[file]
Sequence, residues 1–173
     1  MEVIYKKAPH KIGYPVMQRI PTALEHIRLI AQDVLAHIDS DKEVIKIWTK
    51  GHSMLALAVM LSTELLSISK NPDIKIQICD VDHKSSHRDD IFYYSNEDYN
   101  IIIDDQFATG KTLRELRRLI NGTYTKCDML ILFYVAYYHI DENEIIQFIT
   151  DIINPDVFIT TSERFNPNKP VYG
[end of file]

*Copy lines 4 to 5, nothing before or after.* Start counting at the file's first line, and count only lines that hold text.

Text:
   101  IIIDDQFATG KTLRELRRLI NGTYTKCDML ILFYVAYYHI DENEIIQFIT
   151  DIINPDVFIT TSERFNPNKP VYG